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Susan O'Rourke | August 23, 2023

With the advances in ChatGBT, more educators have paid increasing attention to the possibilities for and limitations of AI in classrooms. We at UNC World View are curious about the impact of these new technologies on students’ global learning experiences and found the following resources useful in our exploration:

These two articles from NBC News and the BBC provide  an overview of key terms used in AI research and applications that may be of interest to K-12 and community college educators, such as:

  • Traditional and Generative AI: “Generative AI is an AI that can create things like text, images, sound and video. Traditional applications of AI largely classify content, while generative AI models create it. For instance, a voice recognition model can identify your voice, while a generative voice model can use your voice to create audiobooks.” 
  • Large Language Models (LLM) and ChatGBT: “An application of AI — usually generative — that aims to understand, engage and communicate with language in a human-like way.”
  • Multimodal AI: “A form of AI that can understand and work with multiple types of information, including text, image, speech and more. This is powerful because it allows AI to understand and express itself in multiple dimensions, giving both a broader and more nuanced understanding of tasks.”
  • Hallucinations: “Sometimes if you ask an AI like ChatGPT, Bard or Bing a question, it will respond with great confidence – but the facts it spits out will be false.”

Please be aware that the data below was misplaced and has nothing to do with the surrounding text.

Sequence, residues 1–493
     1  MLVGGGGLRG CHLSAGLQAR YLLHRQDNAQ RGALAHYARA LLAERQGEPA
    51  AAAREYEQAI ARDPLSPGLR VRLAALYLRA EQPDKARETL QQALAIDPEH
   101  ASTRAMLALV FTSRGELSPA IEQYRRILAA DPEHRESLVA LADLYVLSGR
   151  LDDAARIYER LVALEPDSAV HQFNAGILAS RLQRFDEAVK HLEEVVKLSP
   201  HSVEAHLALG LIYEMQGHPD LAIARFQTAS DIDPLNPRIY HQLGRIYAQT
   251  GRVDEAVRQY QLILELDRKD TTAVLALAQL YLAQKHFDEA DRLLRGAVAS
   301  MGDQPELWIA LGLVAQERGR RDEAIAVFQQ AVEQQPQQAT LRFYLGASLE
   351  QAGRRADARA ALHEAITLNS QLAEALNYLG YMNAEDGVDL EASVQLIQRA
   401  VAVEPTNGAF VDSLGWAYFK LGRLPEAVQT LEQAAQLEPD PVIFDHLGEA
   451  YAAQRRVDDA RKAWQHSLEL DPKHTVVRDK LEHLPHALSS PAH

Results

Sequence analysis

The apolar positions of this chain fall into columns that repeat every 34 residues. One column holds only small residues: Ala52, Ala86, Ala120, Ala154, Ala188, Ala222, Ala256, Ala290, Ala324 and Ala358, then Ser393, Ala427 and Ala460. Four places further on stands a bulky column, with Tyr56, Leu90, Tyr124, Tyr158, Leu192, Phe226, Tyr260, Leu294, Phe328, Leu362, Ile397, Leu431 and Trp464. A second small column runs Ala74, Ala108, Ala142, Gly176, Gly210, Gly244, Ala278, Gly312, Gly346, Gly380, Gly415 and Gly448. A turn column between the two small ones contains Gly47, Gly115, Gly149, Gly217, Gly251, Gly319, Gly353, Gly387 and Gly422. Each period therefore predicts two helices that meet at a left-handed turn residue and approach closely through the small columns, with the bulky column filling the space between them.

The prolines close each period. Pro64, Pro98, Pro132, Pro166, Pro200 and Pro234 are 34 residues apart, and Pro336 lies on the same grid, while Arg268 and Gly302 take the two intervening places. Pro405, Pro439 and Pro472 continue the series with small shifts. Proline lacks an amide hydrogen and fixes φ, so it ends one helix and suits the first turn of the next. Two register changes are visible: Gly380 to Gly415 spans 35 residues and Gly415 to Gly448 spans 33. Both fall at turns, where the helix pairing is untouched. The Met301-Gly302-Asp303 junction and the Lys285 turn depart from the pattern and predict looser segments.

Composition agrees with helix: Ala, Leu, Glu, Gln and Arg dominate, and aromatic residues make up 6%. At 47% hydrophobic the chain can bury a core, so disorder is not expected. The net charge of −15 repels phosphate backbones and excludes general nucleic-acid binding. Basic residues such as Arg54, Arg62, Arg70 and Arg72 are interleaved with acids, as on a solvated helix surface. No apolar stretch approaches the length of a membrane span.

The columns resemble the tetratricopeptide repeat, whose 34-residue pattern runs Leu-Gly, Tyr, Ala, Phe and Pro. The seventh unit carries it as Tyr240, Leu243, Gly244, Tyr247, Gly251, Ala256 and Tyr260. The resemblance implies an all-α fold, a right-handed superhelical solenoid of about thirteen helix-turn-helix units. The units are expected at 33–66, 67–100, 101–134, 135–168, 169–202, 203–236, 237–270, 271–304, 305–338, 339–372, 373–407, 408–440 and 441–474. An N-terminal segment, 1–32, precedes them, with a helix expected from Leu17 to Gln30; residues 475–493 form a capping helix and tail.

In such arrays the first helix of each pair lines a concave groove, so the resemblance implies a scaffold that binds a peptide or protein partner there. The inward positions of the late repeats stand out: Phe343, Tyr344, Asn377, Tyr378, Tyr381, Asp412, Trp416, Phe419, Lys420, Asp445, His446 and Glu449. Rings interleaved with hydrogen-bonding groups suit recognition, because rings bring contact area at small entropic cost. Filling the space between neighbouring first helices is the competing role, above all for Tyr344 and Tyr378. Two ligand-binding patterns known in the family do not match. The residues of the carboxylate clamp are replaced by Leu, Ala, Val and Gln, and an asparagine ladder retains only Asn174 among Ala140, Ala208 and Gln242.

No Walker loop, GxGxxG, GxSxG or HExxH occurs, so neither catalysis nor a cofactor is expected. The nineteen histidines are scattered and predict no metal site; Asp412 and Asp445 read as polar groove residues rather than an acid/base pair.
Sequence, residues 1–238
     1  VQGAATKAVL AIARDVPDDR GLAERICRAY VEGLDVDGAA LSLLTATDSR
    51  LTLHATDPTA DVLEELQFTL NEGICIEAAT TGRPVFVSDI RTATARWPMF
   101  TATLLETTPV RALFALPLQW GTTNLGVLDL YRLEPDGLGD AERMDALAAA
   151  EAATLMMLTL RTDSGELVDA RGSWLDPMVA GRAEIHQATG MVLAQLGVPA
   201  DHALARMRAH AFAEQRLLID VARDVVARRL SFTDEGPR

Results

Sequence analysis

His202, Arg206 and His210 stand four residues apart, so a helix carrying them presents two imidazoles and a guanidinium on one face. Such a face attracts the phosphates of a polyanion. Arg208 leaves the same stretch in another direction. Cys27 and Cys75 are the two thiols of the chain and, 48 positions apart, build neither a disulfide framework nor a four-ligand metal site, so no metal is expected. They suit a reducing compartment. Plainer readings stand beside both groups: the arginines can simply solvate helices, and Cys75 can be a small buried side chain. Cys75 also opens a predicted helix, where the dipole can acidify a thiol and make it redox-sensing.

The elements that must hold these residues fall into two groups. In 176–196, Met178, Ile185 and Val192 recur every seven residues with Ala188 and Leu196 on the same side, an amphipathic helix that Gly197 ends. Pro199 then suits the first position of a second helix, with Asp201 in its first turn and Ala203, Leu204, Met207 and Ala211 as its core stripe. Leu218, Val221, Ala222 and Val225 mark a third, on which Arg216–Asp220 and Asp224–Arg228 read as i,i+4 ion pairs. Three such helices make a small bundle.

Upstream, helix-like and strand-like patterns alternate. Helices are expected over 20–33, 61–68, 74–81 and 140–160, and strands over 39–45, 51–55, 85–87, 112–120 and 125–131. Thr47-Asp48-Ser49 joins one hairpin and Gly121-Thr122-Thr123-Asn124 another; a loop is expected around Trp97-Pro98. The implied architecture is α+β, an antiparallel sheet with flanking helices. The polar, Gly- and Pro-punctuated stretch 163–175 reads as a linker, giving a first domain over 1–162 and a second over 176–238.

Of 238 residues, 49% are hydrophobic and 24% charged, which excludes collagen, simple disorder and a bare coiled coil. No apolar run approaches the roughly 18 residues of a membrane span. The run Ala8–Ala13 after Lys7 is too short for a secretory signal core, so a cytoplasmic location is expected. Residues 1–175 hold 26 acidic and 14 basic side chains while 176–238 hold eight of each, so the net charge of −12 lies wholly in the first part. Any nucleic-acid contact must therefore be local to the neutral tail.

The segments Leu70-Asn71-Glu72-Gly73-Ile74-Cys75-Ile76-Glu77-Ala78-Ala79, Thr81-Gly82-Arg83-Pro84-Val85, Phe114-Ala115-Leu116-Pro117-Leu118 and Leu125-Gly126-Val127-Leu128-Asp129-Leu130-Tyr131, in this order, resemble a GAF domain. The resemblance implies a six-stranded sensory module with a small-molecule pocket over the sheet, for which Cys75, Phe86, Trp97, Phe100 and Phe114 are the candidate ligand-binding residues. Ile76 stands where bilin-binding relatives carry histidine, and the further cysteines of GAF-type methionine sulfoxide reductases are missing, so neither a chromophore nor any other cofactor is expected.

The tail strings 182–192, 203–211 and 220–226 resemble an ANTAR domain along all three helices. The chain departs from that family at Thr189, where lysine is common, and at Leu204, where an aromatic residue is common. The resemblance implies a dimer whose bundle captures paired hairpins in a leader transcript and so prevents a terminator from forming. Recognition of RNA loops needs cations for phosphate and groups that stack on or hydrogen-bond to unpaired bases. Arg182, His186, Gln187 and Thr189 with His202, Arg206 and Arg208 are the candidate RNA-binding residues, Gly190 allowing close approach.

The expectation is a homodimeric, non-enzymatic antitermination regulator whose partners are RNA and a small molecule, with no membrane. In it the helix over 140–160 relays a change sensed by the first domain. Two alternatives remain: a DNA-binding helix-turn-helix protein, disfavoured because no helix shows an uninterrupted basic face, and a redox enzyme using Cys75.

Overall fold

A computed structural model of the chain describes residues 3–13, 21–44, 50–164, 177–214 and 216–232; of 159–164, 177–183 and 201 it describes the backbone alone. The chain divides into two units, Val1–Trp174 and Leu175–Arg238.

• Prompt engineering: “AIs now are impressively proficient at understanding natural language. However, getting the very best results from them requires the ability to write effective “prompts”: the text you type in matters.Some believe that “prompt engineering” may represent a new frontier for job skills, akin to when mastering Microsoft Excel made you more employable decades ago.”

A number of organizations, educators, and leaders have investigated how AI might be incorporated into schools while also studying possible risks stemming from the technology. 

In a recent article, the World Economic Forum discussed “How AI can accelerate students’ holistic development and make teaching more fulfilling.” The article highlights different possibilities for AI shared by educators from Colombia, Spain, Nigeria, and the U.S.:

  • Using AI to handle administrative tasks
  • Using AI to manage “lesson planning and differentiation, grading and providing quality feedback, teacher-parent communication, and professional development””
  • using AI to identify children’s literacy levels, uncover where students are struggling, and deepen personalized learning experiences”
  • Using ChatGBT as a ‘personalized 1:1 tutor that is super valuable for students’”

NBC news writers also noted the possibilities of AI to increase cross-cultural learning. They explain that, in one instance, multimodal AI has been used in “machine translation (MT) technology“ to create “fully automated manga translation from the original Japanese into English or Chinese.” This technology is particularly impactful because due to the precision of its translation since it is the “first to incorporate context information obtained from an image into manga translation. The framework extracts three context types that are useful for multimodal context-aware translation: scene, reading order, and visual information.” Thus, this technology opens up the possibility for more readers to access Japanese culture through this media. 

However, some have also cautioned against the risks that could come from AI and the need to protect children from harm. Educators and tech specialists, alike have expressed concerns that:

We will continue to learn more about AI on November 30, 2023 at the UNC World View Richardson Lecture with Prof. Arv Malhotra. There, Prof. Malhotra will speak on “Going ‘Back to the Future’ of Work in the AI Age.” Join us at the Friday Center in Chapel Hill for the lecture as we also celebrate UNC World View’s 25th Anniversary! Register for the free lecture here.

Additional Reading: